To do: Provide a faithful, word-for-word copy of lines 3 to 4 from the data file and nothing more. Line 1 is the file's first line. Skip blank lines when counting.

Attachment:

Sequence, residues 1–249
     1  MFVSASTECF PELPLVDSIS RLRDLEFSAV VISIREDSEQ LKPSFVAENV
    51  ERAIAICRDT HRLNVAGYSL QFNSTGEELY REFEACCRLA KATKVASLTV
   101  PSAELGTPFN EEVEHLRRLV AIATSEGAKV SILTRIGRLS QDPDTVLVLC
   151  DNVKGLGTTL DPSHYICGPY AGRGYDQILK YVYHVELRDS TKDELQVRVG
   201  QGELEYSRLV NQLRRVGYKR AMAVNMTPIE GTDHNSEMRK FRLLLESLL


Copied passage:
    51  ERAIAICRDT HRLNVAGYSL QFNSTGEELY REFEACCRLA KATKVASLTV
   101  PSAELGTPFN EEVEHLRRLV AIATSEGAKV SILTRIGRLS QDPDTVLVLC